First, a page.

66. There are definitely places where I have felt a strong sense of atmosphere and history. The first one that comes to mind is Castle of Finland in Helsinki. And another one I must mention was the Church of Kiihtelysvaara -until some local nut decided to burn it down last September. It was a bit of a shock for all of us here. It was a pretty, nearly 250 years old wood church:
    https://www.joensuunevl.fi/etusivu/virastopalvelut/kiinteisto/kirkot/kiihtelysvaaran+kirkko+360/
    https://yle.fi/uutiset/3-10418691

    Reply
  67. There are definitely places where I have felt a strong sense of atmosphere and history. The first one that comes to mind is Castle of Finland in Helsinki. And another one I must mention was the Church of Kiihtelysvaara -until some local nut decided to burn it down last September. It was a bit of a shock for all of us here. It was a pretty, nearly 250 years old wood church:
    https://www.joensuunevl.fi/etusivu/virastopalvelut/kiinteisto/kirkot/kiihtelysvaaran+kirkko+360/
    https://yle.fi/uutiset/3-10418691

    Reply
  68. There are definitely places where I have felt a strong sense of atmosphere and history. The first one that comes to mind is Castle of Finland in Helsinki. And another one I must mention was the Church of Kiihtelysvaara -until some local nut decided to burn it down last September. It was a bit of a shock for all of us here. It was a pretty, nearly 250 years old wood church:
    https://www.joensuunevl.fi/etusivu/virastopalvelut/kiinteisto/kirkot/kiihtelysvaaran+kirkko+360/
    https://yle.fi/uutiset/3-10418691

    Reply
  69. There are definitely places where I have felt a strong sense of atmosphere and history. The first one that comes to mind is Castle of Finland in Helsinki. And another one I must mention was the Church of Kiihtelysvaara -until some local nut decided to burn it down last September. It was a bit of a shock for all of us here. It was a pretty, nearly 250 years old wood church:
    https://www.joensuunevl.fi/etusivu/virastopalvelut/kiinteisto/kirkot/kiihtelysvaaran+kirkko+360/
    https://yle.fi/uutiset/3-10418691

    Reply
  70. There are definitely places where I have felt a strong sense of atmosphere and history. The first one that comes to mind is Castle of Finland in Helsinki. And another one I must mention was the Church of Kiihtelysvaara -until some local nut decided to burn it down last September. It was a bit of a shock for all of us here. It was a pretty, nearly 250 years old wood church:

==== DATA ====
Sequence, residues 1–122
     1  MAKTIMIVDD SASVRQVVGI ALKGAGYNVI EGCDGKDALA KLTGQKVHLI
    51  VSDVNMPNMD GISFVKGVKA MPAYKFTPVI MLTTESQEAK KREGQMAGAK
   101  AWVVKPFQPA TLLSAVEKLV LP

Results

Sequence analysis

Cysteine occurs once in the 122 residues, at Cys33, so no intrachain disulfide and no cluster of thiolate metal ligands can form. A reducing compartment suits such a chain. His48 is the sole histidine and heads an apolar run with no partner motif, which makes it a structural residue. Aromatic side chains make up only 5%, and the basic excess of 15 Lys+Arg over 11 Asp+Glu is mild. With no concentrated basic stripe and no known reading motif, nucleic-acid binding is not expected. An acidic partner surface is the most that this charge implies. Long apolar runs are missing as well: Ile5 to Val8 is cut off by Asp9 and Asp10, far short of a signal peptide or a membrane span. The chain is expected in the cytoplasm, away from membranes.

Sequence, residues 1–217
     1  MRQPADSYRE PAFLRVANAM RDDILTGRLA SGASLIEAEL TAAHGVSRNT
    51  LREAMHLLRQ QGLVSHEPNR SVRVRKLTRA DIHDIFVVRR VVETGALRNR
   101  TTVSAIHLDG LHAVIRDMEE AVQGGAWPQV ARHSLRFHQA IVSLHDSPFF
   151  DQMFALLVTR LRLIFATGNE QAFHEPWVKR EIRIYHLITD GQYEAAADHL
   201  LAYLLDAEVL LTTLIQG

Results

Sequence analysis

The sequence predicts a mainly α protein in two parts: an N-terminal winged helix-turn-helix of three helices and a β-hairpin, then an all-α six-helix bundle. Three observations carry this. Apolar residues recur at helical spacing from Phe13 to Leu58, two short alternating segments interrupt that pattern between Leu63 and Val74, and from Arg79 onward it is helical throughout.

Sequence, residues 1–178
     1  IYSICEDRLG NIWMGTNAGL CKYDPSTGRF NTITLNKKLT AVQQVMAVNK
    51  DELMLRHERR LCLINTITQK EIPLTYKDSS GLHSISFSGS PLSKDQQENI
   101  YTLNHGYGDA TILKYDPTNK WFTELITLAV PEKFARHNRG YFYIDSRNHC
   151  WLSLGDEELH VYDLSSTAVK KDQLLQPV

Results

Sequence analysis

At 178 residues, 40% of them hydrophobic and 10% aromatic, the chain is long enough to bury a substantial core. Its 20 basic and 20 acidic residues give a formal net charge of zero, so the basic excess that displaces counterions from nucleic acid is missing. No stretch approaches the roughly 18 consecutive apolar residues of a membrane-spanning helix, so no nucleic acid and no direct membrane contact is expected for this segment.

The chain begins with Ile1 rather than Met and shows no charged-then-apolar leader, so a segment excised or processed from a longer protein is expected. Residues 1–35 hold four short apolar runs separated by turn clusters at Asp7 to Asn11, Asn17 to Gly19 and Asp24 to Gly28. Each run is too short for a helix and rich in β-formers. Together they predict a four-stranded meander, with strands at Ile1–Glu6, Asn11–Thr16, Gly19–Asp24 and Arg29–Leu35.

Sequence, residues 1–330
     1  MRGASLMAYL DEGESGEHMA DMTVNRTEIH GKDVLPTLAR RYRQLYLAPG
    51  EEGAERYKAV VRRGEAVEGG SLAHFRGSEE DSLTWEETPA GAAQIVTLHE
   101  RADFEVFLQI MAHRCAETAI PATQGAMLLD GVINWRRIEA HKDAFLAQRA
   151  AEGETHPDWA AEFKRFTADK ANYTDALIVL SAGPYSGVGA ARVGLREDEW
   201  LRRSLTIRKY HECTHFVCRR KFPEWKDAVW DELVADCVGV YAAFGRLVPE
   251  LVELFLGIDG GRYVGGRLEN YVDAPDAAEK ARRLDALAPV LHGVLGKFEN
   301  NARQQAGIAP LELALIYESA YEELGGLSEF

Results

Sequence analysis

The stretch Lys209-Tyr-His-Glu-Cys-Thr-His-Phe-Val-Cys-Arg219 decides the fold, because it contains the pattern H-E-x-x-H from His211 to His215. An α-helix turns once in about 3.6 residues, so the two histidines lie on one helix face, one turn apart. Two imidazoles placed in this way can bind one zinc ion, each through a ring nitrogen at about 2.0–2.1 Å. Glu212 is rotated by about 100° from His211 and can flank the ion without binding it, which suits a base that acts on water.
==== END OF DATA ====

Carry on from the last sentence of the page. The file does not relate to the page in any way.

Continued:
https://www.joensuunevl.fi/etusivu/virastopalvelut/kiinteisto/kirkot/kiihtelysvaaran+kirkko+360/
    https://yle.fi/uutiset/3-10418691

    Reply
  71. Culloden gave me the chills. I started to walk the battlefield and had to turn back. I have no idea if I had any ancestors there (and if I did, they could have been fighting for the English side), but the “battle” was so stupid and the massacre was so horrendous, it doesn’t bear thinking about. Gettysburg is very moving, but in a different way, perhaps because of its association with Lincoln and his Address.

    Reply
  72. Culloden gave me the chills. I started to walk the battlefield and had to turn back. I have no idea if I had any ancestors there (and if I did, they could have been fighting for the English side), but the “battle” was so stupid and the massacre was so horrendous, it doesn’t bear thinking about. Gettysburg is very moving, but in a different way, perhaps because of its association with Lincoln and his Address.

    Reply
  73. Culloden gave me the chills. I started to walk the battlefield and had to turn back. I have no idea if I had any ancestors there (and if I did, they could have been fighting for the English side), but the “battle” was so stupid and the massacre was so horrendous, it doesn’t bear thinking about. Gettysburg is very moving, but in a different way, perhaps because of its association with Lincoln and his Address.

    Reply
  74. Culloden gave me the chills. I started to walk the battlefield and had to turn back. I have no idea if I had any ancestors there (and if I did, they could have been fighting for the English side), but the “battle” was so stupid and the massacre was so horrendous, it doesn’t bear thinking about. Gettysburg is very moving, but in a different way, perhaps because of its association with Lincoln and his Address.

    Reply
  75. Culloden gave me the chills. I started to walk the battlefield and had to turn back. I have no idea if I had any ancestors there (and if I did, they could have been fighting for the English side), but the “battle” was so stupid and the massacre was so horrendous, it doesn’t bear thinking about. Gettysburg is very moving, but in a different way, perhaps because of its association with Lincoln and his Address.

    Reply
  76. Battlefields can have such a powerful aura, can’t they, Linda. I had the same experience as you at Culloden; there was such a palpable sense of misery in the air there. I would love to visit Gettysburg for lots of reasons.

    Reply
  77. Battlefields can have such a powerful aura, can’t they, Linda. I had the same experience as you at Culloden; there was such a palpable sense of misery in the air there. I would love to visit Gettysburg for lots of reasons.